Next, let's see what the Olympus Digital EC-14 1.4x teleconverter does to the sharpness. The following graph repeats all of the previous measurements with the EC-14 installed.


    A 1.4x teleconverter always shifts the aperture range of a lens up by one f-stop. That's why the aperture range is f2.8 to f32 when the EC-14 is installed. The next graph compares the lens with and without the EC-14 so you can more easily see the difference.


    I think the results are pretty clear: We can safely conclude that the EC-14 works extremely well with the ZD 150mm lens and you can expect pictures with excellent sharpness and contrast. If you're not getting good shots, it may be due to motion blur since the teleconverter boosts the focal length to 210mm and requires you to shoot at 1/400th second or faster if you shoot by hand. Or it could be due to a shallow depth of field (DOF).

    Chromatic Aberration (CA) – This test measures color fringing. I measured CA every time that I measured sharpness. The lens, by itself, stayed below 0.5 pixels which is considered "insignificant". When the EC-14 was added, the CA eased up to 0.6 pixels which is still very low. Overall, this lens appears to have no CA problems on my E-1.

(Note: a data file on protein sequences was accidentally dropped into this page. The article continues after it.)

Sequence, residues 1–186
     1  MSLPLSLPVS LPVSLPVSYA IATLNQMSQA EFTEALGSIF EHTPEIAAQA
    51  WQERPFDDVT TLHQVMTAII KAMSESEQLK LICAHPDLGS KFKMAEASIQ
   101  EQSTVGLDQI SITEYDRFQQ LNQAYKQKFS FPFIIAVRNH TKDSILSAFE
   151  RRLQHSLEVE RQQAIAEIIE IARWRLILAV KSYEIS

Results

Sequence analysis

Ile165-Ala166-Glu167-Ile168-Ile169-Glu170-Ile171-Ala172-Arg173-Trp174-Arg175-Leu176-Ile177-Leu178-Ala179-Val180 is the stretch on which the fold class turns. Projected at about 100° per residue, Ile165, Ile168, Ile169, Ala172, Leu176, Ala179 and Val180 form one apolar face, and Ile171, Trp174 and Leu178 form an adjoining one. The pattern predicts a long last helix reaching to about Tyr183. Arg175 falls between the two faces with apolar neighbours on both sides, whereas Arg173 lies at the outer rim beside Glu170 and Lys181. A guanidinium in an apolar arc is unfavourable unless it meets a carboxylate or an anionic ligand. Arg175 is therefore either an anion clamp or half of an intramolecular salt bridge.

Distortion – This test measures whether or not parts of the image are bent, stretched or squished. An extreme example would be the barrel distortion that is common to some wide-angle lenses like a "fisheye" lens. To measure it, a grid pattern of equally spaced horizontal and vertical lines are photographed and measured. This lens is basically free of distorion by itself or when it is used with an EC-14 teleconverter. The highest deviation I measured was 0.734% which is small (less than 1%).

    Vignetting – This test measures the light drop-off near the corners of the picture. I used worse-case conditions with the lens focused to infinity. The lens exhibited very little vignetting by itself (no more than -0.331 f-stops) or with an EC-14 teleconverter (no more than -0.451 f-stops). These levels will drop even more when the lens is focused closer.

    These tests verify the superb quality of the ZD 150mm f2.0 ED lens and provide a very good baseline for what a super high-grade lens looks like when measured on an E-1. The wide-aperture performance is among the very best.

    Copyright © 2006 by Harris Technologies, Inc. All rights reserved.[/quote

    Where's the graphs and photos?

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    Default Re: Zuiko Digital (Olympus) 150mm f2.0 -Super High Grade

    I purchased a used copy in March 2011. THis is one truly fantastic lens. My only caution is to TEST a used lens when u get it. My first copy was from one of the big boys in NYC and there was some problem with it - it was not as sharp as an old zoom! They took it back no questions asked and then one popped up at the other NYC big house. That was a keeper- probably my sharpest lens maybe EVER!